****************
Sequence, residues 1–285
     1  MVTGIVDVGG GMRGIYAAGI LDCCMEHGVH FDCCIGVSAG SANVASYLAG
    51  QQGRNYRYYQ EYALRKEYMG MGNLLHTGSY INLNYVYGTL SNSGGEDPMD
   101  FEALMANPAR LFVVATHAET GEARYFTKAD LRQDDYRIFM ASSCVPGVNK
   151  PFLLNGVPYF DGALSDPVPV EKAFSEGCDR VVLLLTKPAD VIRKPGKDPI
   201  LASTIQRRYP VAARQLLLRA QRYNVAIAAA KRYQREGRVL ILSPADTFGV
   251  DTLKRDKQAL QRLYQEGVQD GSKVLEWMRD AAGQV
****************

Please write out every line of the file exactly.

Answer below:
Sequence, residues 1–285
     1  MVTGIVDVGG GMRGIYAAGI LDCCMEHGVH FDCCIGVSAG SANVASYLAG
    51  QQGRNYRYYQ EYALRKEYMG MGNLLHTGSY INLNYVYGTL SNSGGEDPMD
   101  FEALMANPAR LFVVATHAET GEARYFTKAD LRQDDYRIFM ASSCVPGVNK
   151  PFLLNGVPYF DGALSDPVPV EKAFSEGCDR VVLLLTKPAD VIRKPGKDPI
   201  LASTIQRRYP VAARQLLLRA QRYNVAIAAA KRYQREGRVL ILSPADTFGV
   251  DTLKRDKQAL QRLYQEGVQD GSKVLEWMRD AAGQV